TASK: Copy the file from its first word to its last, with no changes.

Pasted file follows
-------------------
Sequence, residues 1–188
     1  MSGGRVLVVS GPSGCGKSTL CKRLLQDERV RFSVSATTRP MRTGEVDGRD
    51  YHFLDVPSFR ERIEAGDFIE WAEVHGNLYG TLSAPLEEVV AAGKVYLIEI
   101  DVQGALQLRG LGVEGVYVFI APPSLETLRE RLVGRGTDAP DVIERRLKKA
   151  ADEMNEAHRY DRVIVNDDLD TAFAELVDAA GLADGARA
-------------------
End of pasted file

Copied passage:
Sequence, residues 1–188
     1  MSGGRVLVVS GPSGCGKSTL CKRLLQDERV RFSVSATTRP MRTGEVDGRD
    51  YHFLDVPSFR ERIEAGDFIE WAEVHGNLYG TLSAPLEEVV AAGKVYLIEI
   101  DVQGALQLRG LGVEGVYVFI APPSLETLRE RLVGRGTDAP DVIERRLKKA
   151  ADEMNEAHRY DRVIVNDDLD TAFAELVDAA GLADGARA